Founded in 2011, Remitly is a Seattle-based leading digital financial services company that offers low-cost cross-border money transfers. It is a digital remittance service that allows users to send money internationally through a mobile app or web interface at cheaper rates.
But how does Remitly make money? As a provider of money transfer services, Remitly makes money by charging fees from the sender and marking up the exchange rate for each transaction they facilitate.
Let’s take a look at Remitly’s business model and find out how it makes money from its customers in more detail.
Remitly is a fully digitized remittance service with a simple business model that provides multiple layers of simple and cost-effective remittance service.
Remitly is different from other remittance companies in its easy-to-use platform, giving users access to a multi-factored pricing scale with instantaneous quotes and multiple pick-up methods for the recipient.
In our current post-pandemic environment, Remitly’s service has become more relevant than ever before.
Business Model of Remitly
Remitly operates on a fee-based business model as a remittance company, both for B2C and B2B. It is completely digitized, with no brick-and-mortar outlets.
Remitly’s business model is based on providing low-cost, affordable remittance services to global consumers and businesses.
What makes it different from a brick-and-mortar cross-border wire transfer, such as a bank, is that everything can be done electronically. Also, basic questions like fees and transfer times can be answered through a website without actually needing to contact a live person.
What makes Remitly different from other existing payment systems, like PayPal, is that there are no hidden costs.
The cost of the transfer is apparent from using the platform on the website, based on various factors, such as:
- The country where the payment is being received
- The speed of the payment
- The amount of money involved
It should also be noted that PayPal and some other online payment systems are not accepted in some countries, such as Ukraine.
Remitly, however, is accepted in Ukraine and all over the world and the particulars of Remitly’s relationship with each country can be viewed on the platform.
This digitized model has given Remitly a huge advantage during the pandemic era.
Physically putting actual cash in people’s hands and unnecessary travel has become increasingly unpopular relics of the past and might even be considered to be dangerous.
Online remittance systems are needed for a robust world economy because offline, brick-and-mortar systems are very susceptible to possible future lockdowns.
Any business that does not have a secure, digital remittance system should be considered fragile in the world economy of the 2020s.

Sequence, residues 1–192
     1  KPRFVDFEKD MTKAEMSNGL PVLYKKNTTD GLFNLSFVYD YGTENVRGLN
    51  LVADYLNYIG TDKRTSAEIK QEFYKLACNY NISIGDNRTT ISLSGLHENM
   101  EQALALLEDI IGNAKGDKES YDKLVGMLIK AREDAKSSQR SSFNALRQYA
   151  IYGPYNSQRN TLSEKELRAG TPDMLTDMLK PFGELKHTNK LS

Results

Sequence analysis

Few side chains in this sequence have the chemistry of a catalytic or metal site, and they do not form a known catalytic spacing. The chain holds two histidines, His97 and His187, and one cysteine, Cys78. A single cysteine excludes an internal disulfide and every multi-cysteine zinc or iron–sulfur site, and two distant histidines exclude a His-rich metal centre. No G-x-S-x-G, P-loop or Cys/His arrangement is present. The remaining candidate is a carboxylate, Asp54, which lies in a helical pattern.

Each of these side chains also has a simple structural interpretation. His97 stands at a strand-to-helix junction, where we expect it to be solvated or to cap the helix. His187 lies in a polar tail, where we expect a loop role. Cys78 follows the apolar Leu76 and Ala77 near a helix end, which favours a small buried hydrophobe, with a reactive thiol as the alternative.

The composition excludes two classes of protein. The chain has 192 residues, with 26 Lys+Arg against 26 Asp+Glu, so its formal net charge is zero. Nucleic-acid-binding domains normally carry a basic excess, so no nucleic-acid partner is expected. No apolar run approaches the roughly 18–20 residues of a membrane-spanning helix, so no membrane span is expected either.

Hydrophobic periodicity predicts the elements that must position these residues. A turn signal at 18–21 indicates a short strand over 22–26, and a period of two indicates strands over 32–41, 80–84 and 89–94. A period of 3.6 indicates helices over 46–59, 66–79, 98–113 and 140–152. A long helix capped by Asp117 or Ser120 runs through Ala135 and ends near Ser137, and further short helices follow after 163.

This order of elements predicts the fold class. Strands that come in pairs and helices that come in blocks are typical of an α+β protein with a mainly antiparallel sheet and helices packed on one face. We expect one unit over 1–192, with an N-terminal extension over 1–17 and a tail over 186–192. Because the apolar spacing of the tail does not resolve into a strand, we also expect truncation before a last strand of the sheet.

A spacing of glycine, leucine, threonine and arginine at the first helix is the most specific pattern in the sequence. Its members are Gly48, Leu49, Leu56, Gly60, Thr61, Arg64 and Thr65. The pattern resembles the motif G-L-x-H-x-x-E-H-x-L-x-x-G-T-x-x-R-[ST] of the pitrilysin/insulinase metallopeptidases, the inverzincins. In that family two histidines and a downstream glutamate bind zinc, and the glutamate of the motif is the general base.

How Does Remitly Make Money?
Remitly operates as a Fintech, specifically an online, cross-border wire transfer service. Remitly makes money through transaction fees and is both B2B and B2C. The former with enterprise solutions like Remitly for Developers and the latter with immigrant-friendly solutions that allow users to send money to their mother countries.
Remitly makes cross-border money transfers for its customers and charges a fee. This is not the company’s only revenue stream as it also makes money by marking up the currency exchange rates.
The quality of the company’s revenue streams, however, is determined by multiple factors:
- Rates and Fees
- Venues for Recipient
Remitly’s website has a very well-organized user interface. When you click on the Rates & Fees button, you are taken to a page that has its own platform.
You can simply choose the country you want to send money to, and a table will be displayed. The table will show all pricing in USD for that country depending on:
- How much you want to send
- Whether you want to pay the express or the economy fee
Remitly guarantees satisfaction or the transfer fee will be refunded.
Remitly has account verification procedures to ensure a high level of security. In order to set up an account with Remitly, the user must provide personal information and complete an email verification process.
Once the user’s account is activated, Remitly runs various “manual and automated risk management procedures” in order to “highlight suspicious account activity”.
As a precaution, Remitly contacts the user’s ISP (internet service provider) to verify all information supplied by the user. Remitly claims that they will not misuse the user’s information and use it only to ensure the successful completion of user transactions.
A final layer of protection, for both the user’s account and password, is Remitly’s use of a secure server connection. Remitly uses SSL (Secure Socket Layer) with 256-bit encryption. This is considered the industry standard in secure server protection.
When reading about security procedures, you must understand that this is the remittance business. Online security measures are important for any business, especially when purchases are being made online.
The remittance business, however, is not about credit card transactions. Rather, the remittance business involves giving companies like Remitly direct access to your banking information.
Therefore, the importance of online security for Remitly or any remittance company cannot be over-emphasized. It is, in consequence, vital for any analysis of such a company to include a conversation about that company’s online security measures.
You might find it annoying to read Remitly’s website and get all of this advice about protecting yourself against online scams. Again. This is the remittance business.
Remitly has a whole section of their security page dedicated just to “phishing”. Remitly actually warns that there are emails sent by websites pretending to be Remitly that are really on “phishing” expeditions. These fake websites can steal the user’s payment information and Remitly recommends using some type of anti-virus protection and keeping it updated at all times.
Remitly also establishes 8 key points for protecting users from phishing expeditions and fraudulent emails and, most importantly, Remitly will NOT ask for the following by email: